Roh Tae-woo, Leader During South Korea’s Transition to Democracy, Dies

SEOUL—Roh Tae-woo, South Korea’s first democratically elected president who played a controversial role in the country’s transition from a military dictatorship, died Tuesday. He was 88 years old.

A decorated war veteran, he had been in poor health since a surgery for prostate cancer in 2002 and was repeatedly hospitalized. He died in an intensive care unit at Seoul National University Hospital, according to the hospital.

He was born in 1932, the son of a local government official in Dalseong county, in the southeastern city of Daegu. He attended the Korean Military Academy and began his enlisted career during the 1950 to 1953 Korean War.

When dictator

Park Chung-hee

was assassinated in 1979, Mr. Roh joined a coup that made his former classmate from the military academy, Chun Doo-hwan, president. Under Mr. Chun, Mr. Roh served as the sports and interior minister and the chief of the then-ruling Democratic Justice Party.

Mr. Chun’s military suppressed an armed rebellion of people fighting for democracy in the southern city of Gwangju in 1980, deploying tanks and paratroopers. About 200 people were killed.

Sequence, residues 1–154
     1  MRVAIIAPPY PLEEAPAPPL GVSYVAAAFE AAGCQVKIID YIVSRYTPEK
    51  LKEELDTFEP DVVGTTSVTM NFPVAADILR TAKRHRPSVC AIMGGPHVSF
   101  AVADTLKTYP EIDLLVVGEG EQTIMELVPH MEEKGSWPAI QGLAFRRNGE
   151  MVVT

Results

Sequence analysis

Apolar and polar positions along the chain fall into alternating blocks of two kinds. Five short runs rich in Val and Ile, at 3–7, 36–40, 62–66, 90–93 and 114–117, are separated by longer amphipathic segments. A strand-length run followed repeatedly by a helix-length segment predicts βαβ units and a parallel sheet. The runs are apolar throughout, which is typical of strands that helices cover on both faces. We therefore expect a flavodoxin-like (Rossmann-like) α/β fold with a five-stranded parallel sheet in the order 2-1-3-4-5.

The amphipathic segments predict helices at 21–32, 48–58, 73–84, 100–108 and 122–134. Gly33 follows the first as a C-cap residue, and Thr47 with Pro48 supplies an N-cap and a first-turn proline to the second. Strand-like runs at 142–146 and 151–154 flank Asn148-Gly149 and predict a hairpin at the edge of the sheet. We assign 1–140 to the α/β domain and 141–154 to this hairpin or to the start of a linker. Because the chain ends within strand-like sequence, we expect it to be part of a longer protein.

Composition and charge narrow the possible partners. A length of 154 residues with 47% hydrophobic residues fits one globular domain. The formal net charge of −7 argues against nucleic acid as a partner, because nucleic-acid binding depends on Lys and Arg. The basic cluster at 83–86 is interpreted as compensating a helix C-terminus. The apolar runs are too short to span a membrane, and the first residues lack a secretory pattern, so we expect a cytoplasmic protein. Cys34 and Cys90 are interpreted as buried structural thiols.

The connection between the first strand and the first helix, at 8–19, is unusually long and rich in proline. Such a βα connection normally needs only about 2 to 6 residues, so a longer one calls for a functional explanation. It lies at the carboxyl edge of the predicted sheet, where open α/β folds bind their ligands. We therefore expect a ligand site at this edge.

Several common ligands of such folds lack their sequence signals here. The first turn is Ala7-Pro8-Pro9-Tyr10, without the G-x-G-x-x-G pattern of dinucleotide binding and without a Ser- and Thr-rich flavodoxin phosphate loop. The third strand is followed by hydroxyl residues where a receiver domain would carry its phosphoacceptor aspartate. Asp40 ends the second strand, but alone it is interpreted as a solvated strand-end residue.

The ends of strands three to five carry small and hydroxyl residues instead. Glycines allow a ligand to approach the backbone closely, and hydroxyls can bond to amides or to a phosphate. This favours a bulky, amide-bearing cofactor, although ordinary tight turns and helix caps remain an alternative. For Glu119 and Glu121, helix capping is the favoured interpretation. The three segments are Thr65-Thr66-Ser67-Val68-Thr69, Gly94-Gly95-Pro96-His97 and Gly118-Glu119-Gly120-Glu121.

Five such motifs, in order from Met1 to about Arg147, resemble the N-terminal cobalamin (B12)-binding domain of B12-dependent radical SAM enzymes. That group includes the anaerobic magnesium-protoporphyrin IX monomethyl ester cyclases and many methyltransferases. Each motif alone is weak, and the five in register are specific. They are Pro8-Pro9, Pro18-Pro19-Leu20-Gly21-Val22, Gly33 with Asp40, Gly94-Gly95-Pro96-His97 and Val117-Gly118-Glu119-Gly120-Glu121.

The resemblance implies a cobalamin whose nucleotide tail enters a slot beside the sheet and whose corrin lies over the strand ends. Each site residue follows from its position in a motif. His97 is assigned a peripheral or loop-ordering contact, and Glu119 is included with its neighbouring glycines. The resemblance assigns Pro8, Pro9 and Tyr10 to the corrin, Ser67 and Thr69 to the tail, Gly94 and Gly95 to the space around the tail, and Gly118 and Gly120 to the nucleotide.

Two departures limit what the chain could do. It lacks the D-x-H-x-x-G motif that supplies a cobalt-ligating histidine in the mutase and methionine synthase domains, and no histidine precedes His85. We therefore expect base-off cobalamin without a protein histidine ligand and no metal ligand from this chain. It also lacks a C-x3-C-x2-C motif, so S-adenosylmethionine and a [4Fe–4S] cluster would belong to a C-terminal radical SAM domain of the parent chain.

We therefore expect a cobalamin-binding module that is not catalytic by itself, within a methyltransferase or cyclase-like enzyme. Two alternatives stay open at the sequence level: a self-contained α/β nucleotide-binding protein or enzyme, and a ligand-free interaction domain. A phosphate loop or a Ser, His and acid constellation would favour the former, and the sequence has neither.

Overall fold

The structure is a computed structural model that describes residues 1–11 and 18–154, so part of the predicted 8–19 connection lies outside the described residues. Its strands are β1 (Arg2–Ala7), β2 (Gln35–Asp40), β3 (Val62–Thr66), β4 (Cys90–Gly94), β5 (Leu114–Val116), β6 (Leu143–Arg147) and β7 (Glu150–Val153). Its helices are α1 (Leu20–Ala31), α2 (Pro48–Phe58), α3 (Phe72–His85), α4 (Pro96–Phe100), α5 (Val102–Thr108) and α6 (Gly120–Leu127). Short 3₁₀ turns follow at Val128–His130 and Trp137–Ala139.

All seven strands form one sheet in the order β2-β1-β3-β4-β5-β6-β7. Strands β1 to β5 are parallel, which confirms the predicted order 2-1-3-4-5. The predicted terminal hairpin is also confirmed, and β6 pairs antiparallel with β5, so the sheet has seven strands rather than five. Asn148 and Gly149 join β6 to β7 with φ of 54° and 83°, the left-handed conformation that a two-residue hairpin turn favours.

Mr. Chun’s decision to name Mr. Roh as his successor set off large pro-democracy rallies in Seoul ahead of elections in 1987, with citizens demanding an end to military rule. At the time, South Korea chose its president by an electoral college filled with government delegates.

Mr. Roh accepted a direct presidential poll, which was the start of South Korea’s transition to democracy. He won the election through a direct vote and served as president from 1988 to 1993.

As president, Mr. Roh said “an era of ordinary people” had arrived in South Korea. He has been credited with building ties with socialist countries and promoting inter-Korean relations. He also oversaw South Korea’s successful bid for the 1988 Olympics.

During his five-year term, Mr. Roh established formal diplomatic ties with Russia and China. Under Mr. Roh, the two Koreas held talks between their prime ministers for the first time in 1990 and both were admitted to the United Nations the next year. They also signed an agreement to keep the Korean Peninsula free of nuclear weapons, a pledge North Korea later broke.

“Roh took part in the military regime and had to be blamed for the role he played in suppressing democratic protests, but in terms of diplomatic policy and inter-Korean relations, he was the first president to make progress,” said Lee Jung-chul, professor of political science at Seoul National University.

When his successor investigated the coup in 1996, Mr. Roh was sentenced to 22½ years in prison for his role in the 1979 event and the 1980 Gwangju massacre. He was convicted of mutiny, treason and corruption. The Supreme Court reduced his sentence to 17 years, but Mr. Roh, along with Mr. Chun, was ordered to pay back hundreds of millions of dollars they collected illegally.

After about two years in prison, Mr. Roh was pardoned, along with Mr. Chun. Mr. Roh’s son has repeatedly apologized for the violent suppression of the uprising in 1980 and paid respects to the victims on behalf of his father.

Write to Dasl Yoon at dasl.yoon@wsj.com

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